Energy storage roundup: Kore’s 110 kw-hr rack, KiloVault’s 7.5 kW-hr wall-mount, NeoVolta’s 24 kw-hr battery system


Falling battery costs, shifting utility strategies and new PUC policies are drawing fresh entrants and incumbents into an invigorated energy storage sector.

We profile three energy storage industry aspirants today: Kore Power and its big battery, KiloVault’s 7.5-kW-hr wall-mount energy storage unit and NeoVolta’s 24 kw-hr residential storage entry.

  • We covered Yotta Energy’s distributed batteries mounted under modules last week.
  • SolPad gave pv magazine an update on its distributed storage and solar product.

The California residential battery market is going to explode this year, according to BNEF, which expects 50,000 residential battery systems to be installed his year — up from the 19,000 California homes that had batteries in 2019.

There are several gigawatts worth of large-scale energy storage on utility integrated resource plans. The energy storage market is expected to surge tenfold from 2018 to 2023, rising to $5 billion annually, according to Wood Mackenzie.

Kore Power’s 110 kw-hr rack-mounted battery system is intended for front-of-the-meter, multi-megawatt applications attached to a solar project, “utility arbitrage, especially in Texas,” as well as behind-the-meter demand-charge reduction applications, according to Tom DeRosa, VP of business development, in an interview with pv magazine.

The 18-employee company’s management has roots in mining as well as a partnership with DFD, a firm DeRosa called the DuPont of China, and a supplier of anode, cathode and electrolyte materials to customers such as CATL, BYD, Tesla and Panasonic.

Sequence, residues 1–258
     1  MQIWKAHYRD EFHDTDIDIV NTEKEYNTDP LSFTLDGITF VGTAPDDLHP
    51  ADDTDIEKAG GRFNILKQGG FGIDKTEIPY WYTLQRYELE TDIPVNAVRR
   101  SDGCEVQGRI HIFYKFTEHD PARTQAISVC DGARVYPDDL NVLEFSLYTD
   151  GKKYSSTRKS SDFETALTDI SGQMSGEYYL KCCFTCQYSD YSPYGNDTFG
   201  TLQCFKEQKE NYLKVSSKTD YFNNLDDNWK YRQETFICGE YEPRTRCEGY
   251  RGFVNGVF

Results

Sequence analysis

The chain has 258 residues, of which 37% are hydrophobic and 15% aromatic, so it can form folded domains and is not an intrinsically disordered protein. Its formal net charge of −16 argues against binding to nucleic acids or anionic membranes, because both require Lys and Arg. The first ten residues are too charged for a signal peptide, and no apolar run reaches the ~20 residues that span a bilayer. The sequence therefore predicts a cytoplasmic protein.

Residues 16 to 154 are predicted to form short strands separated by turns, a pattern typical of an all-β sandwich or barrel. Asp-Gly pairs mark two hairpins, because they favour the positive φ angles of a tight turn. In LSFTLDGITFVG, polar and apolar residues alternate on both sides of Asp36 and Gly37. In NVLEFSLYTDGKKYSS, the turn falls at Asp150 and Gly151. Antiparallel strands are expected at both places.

DeRosa explains that DFD realized “they owned the supply chain and decided to build batteries.” He said that DFD has deployed nine million cells into the EV market to customers such as Chery International.

DFD’s battery formulation is NMC lithium-ion with nickel, manganese and cobalt in a 6-3-1 ratio — “down to one part cobalt,” said DeRosa who suggested that the “next advancement is 8-1-1” but that was “many years out.”

DeRosa said that Kore will sell to and work with developers and IPPs. Kore will bring in integrator partners — in order to offer a fully commissioned containerized solution.

KiloVault’s 7.5 kW-hr wall-mount energy storage system for residential and commercial applications is based on a lithium iron phosphate (LiFePO4) battery chemistry — making the unit safer for indoor mounting. Up to 14 units can be wired in parallel to provide up to 3.3 MWh of storage per month. After 4,000 cycles at 80% depth-of-discharge, the battery will retain 80% or more of its original 7.5 kWh storage capacity, according to the vendor. The battery is backed with a 7.5-year warranty.   ​

The 7.5 kw-hr unit sells for $4,995 at the Alternative Energy Store and weighs 207 pounds.

NeoVolta’s CEO Brent Wilson spent 31 years in the Marine Corps working with enormous budgets on program management and maintenance of  immense fleets of “highly complex machines.”

Hopefully, that prepared him for the residential energy storage industry.

Wilson studied the market in 2017, looking for the best designs. “Sonnen has the best product, but it’s $26,000 installed. Tesla has the right prices, but I don’t like the battery chemistry.”

With backing from “VC buddies,” he helped design and build a residential battery that addresses some of his concerns. It uses a lithium iron-phosphate battery that the CEO says weighs more, costs more, but it won’t catch on fire, “we’re only moving it once — and the cost will come down over time.”‘

The CEO claims his firm has met the Tesla price, while giving better performance — he quoted the company’s 8.4 kW unit at $18,500 fully installed. Wilson said, “Tesla says they power the whole home — that’s not true. The home is asking for 60A and only 20A is supplied by Tesla. The 240 [volt circuits] and oven are not being powered by Tesla.”


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